By Yu Ningyuan
The soul remembered, I’m the son of the rain
It began from a small fire
Later, it burned large, like a sea of fire
The rain cannot put out the fire
Just like the ages cannot crush the dream
Classrooms and homework wavering in the wind
A huge burst of wind blew the classroom to the prairie
All the children rode horses
And all the dreams started to run off.
This verse originated from a real dream experienced by one of my student’s in the Ren Chen class at the Spring Valley Waldorf School in Beijing, China. In the dream, the child’s mother and I stood in the school hallway, when suddenly the porch light bulb changed into a ball of fire, and later a gust of wind blew up. The wind blew the fire bigger, waving the classroom seats like swings. Then suddenly it began to rain, but the rain could not put out the fire. Later, the wind was getting stronger, and the giant wind blew the Ren Chen classroom to the plateau. The children got down from the swings, and rode horses and camels, but backward.
When the child’s mother nervously shared her daughter’s dream with me, I was glad for this confirmation, because one week earlier we had made a plan to go to the Gānnán Tibetan Autonomous Prefecture for a study trip. The reason for the trip was wonderful. For a parents’ discussion of children’s picture books, I had been invited to speak about how Waldorf education selects stories for children of different ages. The presenter, Mu Linshan, interviewed me and several other experts; and at the end of the interview, she introduced the idea of taking our students to the nomad community in Xiahe, Gānnán, which is the traditional Tibetan area of HYPERLINK "http://en.wikipedia.org/wiki/Amdo" Amdo, and creating a temporary tent school. My eyes were shining when I heard “Xiahe” and “tent school,” because when I had been on home leave from the Princeton Waldorf School in the United States in 2005, I had gone to Xiahe with my wife and daughter. At the time I had been impressed by the Buddhist atmosphere of Labrang Monastery and the beautiful Sankoh grasslands. This humane and natural place is the perfect setting for practicing Waldorf education. I said that I would like to be a volunteer for this project, and I was accepted with open arms.
How interesting that when the study tour program and the tent school were still just in the planning stages, they were magically presented in the dream of the child from the Ren Chen class. The dream pictures expressed the desire of the child for the rain and for a faraway place. Perhaps our neighboring scenic area of Beijing Phoenix Ridge is too dry, and our classroom is too crowded, so the imbalance of the etheric body was presented through the child’s dream. Perhaps we really needed a gust of wind to blow our classrooms to the high prairie.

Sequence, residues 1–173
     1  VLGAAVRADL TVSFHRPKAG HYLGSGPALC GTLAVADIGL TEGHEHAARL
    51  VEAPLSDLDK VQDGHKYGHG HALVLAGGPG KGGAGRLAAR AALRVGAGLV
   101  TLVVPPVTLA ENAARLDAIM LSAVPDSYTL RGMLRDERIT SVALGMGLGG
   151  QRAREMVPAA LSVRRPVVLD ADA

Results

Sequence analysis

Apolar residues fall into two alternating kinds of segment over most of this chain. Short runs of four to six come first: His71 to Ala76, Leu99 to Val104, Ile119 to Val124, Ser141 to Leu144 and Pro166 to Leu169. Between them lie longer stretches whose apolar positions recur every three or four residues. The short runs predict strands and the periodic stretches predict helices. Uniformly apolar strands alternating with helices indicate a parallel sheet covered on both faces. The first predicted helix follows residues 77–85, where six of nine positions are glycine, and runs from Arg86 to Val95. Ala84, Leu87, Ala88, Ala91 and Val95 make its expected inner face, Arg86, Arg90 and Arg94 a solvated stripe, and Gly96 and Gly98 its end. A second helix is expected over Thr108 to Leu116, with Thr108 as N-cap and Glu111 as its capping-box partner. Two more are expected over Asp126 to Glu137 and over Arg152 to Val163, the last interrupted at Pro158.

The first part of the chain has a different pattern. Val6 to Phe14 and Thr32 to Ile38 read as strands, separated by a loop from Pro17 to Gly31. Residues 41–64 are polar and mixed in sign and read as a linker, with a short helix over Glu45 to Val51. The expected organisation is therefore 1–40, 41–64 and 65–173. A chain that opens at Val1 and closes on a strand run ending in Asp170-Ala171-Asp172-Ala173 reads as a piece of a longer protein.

On a July afternoon, a study tour team made up of teachers, students from grades two and three, and parent volunteers, boarded a west-bound train for Lanzhou. After many hours on the train, we arrived in Lanzhou station. We then took a bus to our study tour destination—the high altitude Sankoh grasslands (approximately 8000 ft. in elevation), Xiahe County, Gansu Province. There we met with the team of Mu Linshan, and teachers and students from Sankoh primary school, whose principal, Tashi, is a master of ancient Tibetan culture and history, who gave up his academic career and returned home to be a teacher.
The children marched toward the broad Sankoh grasslands. We put up a tent on the prairie, and welcomed Tibetan friends to form a tent school. Children from the Spring Valley Waldorf School played games with the pure and kind-hearted Tibetan children; and together they painted, modeled beeswax, sang songs, danced, and became good friends. We taught Tibetan children to speak Chinese, while Tibetan teachers taught our children Tibetan; and different ethnic cultures merged in the children’s laughter. Our children went to the homes of their little Tibetan friends, and experienced the real life of Tibetan nomads, whose homes are tents on the prairie, where the flowers are in full bloom, and the yaks and sheep graze leisurely. We tasted Tibetan homemade yogurt and tsampa, and rolled in the grasslands—all new experiences for the Ren Chen children. Through singing, painting, playing games, and other vivid experiences, a seed of peace and love was planted in the hearts of the children to germinate in the future, flowering, and fruiting.